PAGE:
That is the great thing about blockchain and triple entry accounting. Vays' statement can be undeniably proved false by a third party audit of the blockchain. I'm calling out to Steemians to crowdsource a third party audit of the Steem blockchain to see if Vays claims are true or false, and publish it here. Well, we already have Witnesses in the system. But some kind of statistical report on the Steem blockchain would be quite interesting to see.
If Vays claims can be proved to be false, I would suggest that the reputation of Steem and the Steemit community have been libeled in a way that damages the asset value of all members of the community (who hold Steem), and that legal action should be pursued by the community even if Larimer himself does not pursue it.
Moving on, Stanley then cites Wayne Vaughn as saying, " Vaughan noted there’s an element of hysteria and irrationality driving the surge in interest."
But Vaughn's actual words were:
“The people who are excited about it, I don’t think they understand what they’re excited about because there’s no mention of end user applications yet and there are no technical specifics.”
How did Stanley turn a statement that people who are excited about it don't yet have the details into a claim of "hysteria" and "irrationality"? This is not how to write from an objective point of view.
The critical segment of the article wraps up with Chris DeRose.
Chris DeRose, an industry pundit and software developer, argues Larimer’s past claims and value propositions have been “completely divorced from reality” and his current project should not be taken seriously, either. “He’s very audacious. He offers this as an act of generosity, but in reality it’s just a Ponzi scheme,” DeRose said.
Ponzi schemes are fraudulent. To accuse Larimer of running a Ponzi Scheme is to accuse him of a crime. Where is the evidence that Larimer is running or has ever run a Ponzi scheme? For the second time in the same article, Coindesk published a blatantly libelous statement without vetting the details.
Journalists know better than to print blatantly defamatory statements like "in reality (EOS) is just a Ponzi scheme." The following passage is from The News Manual - A Professional Resources for Journalists and the Media.
To defame someone, journalists do not have to make up false things themselves. You can defame a person by repeating words spoken by someone else, for example an interviewee. It is no defence to claim that you were only quoting someone else. If you write something defamatory, you could be taken to court, along with your editor, your publisher and printer or your broadcasting authority, the person who said the words in the first place ... even the newspaper seller.
Let's look at whether these "experts" have any conflicts of interest.
This is the same Chris DeRose who said that, "Ethereum can’t work, it’s 100% hype and no substance." DeRose is the industry's "it will never work unless it is my Counterparty project" guy. He has a major case of "wasn't invented here" syndrome. As team member for Counterparty, which has its own token called "XCP", DeRose has a conflict of interest to be commenting on competing projects like EOS and Ethereum. Coindesk neglected to mention that.
Vays hosts a Youtube show called CryptoScam, on which DeRose has appeared a guest, where they analyze various token schemes that they claim to be scams. While some of the projects they've discussed may be scams, Vays has also accused successful projects like Ethereum and Litecoin of being scams on the show.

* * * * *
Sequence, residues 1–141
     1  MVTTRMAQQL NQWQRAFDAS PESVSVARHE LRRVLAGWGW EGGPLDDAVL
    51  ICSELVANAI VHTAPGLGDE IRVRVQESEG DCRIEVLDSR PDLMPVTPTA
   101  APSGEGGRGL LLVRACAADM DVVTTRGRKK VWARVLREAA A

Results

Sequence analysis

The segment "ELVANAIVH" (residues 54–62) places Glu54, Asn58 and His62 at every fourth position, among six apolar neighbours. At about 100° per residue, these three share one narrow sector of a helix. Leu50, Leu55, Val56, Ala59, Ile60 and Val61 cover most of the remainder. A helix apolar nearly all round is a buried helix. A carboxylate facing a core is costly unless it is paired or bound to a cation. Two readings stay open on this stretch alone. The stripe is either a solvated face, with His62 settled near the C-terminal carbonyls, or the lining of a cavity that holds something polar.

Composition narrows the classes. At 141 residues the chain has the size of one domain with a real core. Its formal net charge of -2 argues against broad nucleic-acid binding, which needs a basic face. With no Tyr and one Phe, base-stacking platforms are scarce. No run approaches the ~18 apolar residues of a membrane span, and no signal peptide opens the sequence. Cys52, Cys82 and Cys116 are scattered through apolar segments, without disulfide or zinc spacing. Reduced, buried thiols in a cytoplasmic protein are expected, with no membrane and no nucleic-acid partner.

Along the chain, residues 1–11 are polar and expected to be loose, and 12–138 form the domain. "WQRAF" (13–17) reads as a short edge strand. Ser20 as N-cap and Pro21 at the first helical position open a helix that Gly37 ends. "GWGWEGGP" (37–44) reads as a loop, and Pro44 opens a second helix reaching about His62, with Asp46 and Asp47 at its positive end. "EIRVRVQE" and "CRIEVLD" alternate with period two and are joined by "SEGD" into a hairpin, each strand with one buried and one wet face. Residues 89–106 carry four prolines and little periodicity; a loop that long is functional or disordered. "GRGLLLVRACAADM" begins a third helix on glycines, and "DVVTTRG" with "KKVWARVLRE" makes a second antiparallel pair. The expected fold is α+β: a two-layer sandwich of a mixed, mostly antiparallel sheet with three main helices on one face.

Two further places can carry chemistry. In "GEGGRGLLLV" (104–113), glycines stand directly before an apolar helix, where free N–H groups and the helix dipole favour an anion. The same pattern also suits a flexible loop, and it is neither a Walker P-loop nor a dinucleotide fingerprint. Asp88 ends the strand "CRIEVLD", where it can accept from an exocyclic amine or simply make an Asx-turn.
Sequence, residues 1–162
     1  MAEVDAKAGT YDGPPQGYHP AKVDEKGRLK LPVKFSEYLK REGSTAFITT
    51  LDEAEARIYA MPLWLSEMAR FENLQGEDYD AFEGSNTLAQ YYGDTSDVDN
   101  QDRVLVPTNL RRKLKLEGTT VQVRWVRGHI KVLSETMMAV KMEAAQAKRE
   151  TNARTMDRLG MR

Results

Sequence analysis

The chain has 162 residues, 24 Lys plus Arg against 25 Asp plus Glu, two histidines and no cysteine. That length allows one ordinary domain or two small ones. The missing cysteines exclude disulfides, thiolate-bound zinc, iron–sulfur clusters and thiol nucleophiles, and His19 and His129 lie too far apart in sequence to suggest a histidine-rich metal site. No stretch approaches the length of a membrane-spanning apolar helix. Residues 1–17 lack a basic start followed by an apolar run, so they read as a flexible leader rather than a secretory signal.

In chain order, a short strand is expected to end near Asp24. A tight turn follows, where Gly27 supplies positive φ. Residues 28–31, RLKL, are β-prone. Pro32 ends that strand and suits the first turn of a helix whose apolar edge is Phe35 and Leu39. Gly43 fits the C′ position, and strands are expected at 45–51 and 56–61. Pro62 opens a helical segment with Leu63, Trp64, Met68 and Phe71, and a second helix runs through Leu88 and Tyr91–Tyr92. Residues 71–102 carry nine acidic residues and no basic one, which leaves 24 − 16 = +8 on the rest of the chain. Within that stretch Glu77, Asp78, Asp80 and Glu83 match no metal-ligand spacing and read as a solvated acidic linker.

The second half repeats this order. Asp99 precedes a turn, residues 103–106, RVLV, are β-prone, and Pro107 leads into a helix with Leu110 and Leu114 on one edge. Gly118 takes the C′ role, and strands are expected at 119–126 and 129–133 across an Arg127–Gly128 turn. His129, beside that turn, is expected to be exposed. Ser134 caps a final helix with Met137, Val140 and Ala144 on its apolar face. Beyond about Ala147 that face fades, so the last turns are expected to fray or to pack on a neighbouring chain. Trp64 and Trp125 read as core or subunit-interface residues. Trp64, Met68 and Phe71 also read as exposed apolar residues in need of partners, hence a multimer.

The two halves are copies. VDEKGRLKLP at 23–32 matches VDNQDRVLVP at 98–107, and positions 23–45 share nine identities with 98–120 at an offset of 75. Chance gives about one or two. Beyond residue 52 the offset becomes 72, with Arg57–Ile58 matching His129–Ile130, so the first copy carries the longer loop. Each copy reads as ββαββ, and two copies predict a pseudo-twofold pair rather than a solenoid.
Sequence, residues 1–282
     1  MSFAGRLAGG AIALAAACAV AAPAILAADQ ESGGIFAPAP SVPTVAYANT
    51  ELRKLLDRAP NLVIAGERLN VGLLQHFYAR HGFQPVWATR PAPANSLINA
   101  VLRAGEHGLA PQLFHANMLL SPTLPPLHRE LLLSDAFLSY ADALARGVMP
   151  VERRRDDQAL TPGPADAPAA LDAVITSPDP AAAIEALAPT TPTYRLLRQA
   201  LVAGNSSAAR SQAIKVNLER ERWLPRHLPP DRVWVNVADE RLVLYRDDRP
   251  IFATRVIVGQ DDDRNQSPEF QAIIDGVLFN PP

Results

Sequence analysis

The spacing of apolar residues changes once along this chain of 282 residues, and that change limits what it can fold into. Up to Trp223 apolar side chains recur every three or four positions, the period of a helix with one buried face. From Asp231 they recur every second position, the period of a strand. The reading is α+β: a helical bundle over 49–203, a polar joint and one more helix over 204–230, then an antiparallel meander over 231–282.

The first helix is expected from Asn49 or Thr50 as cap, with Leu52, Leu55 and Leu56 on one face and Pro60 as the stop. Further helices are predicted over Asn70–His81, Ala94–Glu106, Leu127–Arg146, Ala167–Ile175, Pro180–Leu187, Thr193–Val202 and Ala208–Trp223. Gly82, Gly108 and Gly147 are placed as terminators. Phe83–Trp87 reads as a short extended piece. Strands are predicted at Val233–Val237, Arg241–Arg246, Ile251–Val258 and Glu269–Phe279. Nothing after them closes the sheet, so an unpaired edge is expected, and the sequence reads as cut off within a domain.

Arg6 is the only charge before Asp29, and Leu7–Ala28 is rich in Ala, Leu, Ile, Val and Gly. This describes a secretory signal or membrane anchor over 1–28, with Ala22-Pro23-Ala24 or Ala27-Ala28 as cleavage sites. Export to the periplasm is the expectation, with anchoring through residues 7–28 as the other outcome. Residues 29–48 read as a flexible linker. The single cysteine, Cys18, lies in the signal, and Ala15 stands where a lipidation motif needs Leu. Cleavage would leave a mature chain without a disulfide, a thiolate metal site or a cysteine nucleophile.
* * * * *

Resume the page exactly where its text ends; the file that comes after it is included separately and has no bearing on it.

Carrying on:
While this kind of analysis can be a valuable service to the community, it is also one that generates revenue through Youtube ads. Vays advertises prices for his consulting services in the description of all his shows. Vays is making a living by accusing others of being scammers, so he is not a neutral or disinterested party. This is not to say that many of Vays' criticisms are not valid. But his accusations against Larimer were backed up by no evidence, whatsoever.
I have been anti-Ethereum from before the pre-mine of Ethereum because the way I saw what they were doing.
Having failed to gain traction in the market with their own projects, DeRose and Vays are using the Christopher Hitchens method of gaining notoriety by attacking bigger names than themselves. I do not believe Vays or DeRose have taken the time and effort to understand what Larimer has built. They cast stones at that which they do not understand, which is not unlike many critics of Bitcoin in mainstream finance.
The last section of the Coindesk article backs off a bit in an attempt to appear to be objective.
At the end of the day, this is a team of people who have come forward, and they’re trying to build something that they think is innovative and that they want people to build new applications on top of,” Vaughan said, “I think everybody should support people who are doing innovative things. That’s what we need in the world.”
Whether there is a real business use case for EOS is the most significant question concerning the long-term value of EOS tokens. That is probably what this article should have focused on if the goal was actually reporting. Additionally, the unknown quantity in EOS is not CTO Dan Larimer. Larimer has delivered working tech, repeatedly.
The unknown quantity is block.one and its CEO Brendan Blumer. That is where I would be asking questions. Who is this guy, where did he make his money, how has he performed in the past? But, for Coindesk it's easy enough to just quote the boy crying "Ponzi!" and avoid the real work of in-depth reporting.
Attacking the project as a "scam" and quoting the community trolls saying it will never work is just partisan journalism, which suggests that either Coindesk or the author, Stanley, may have had an undisclosed conflict of interest in writing this story. Or maybe Aaron Stanley just went for the low hanging fruit because he didn't have time to do real research. Either way, this article reflects poorly on the credibility of Coindesk.
Speaking of interests... This author has never been paid by block.one or EOS, does not own EOS tokens or shares in block.one, and does not promote the EOS tokens as an investment for anybody. Along with several others from the Steem community, I did accept Dan Larimer's offer of a free ticket to Consensus 2017 to learn about EOS and be an "EOS community ambassador" at the launch party. I met the team members and leaders of EOS and block.one, the venture fund behind EOS. I asked a lot of questions and dug deep enough to get my mind around it. Oh, and my Steem net worth is $30, at time of writing.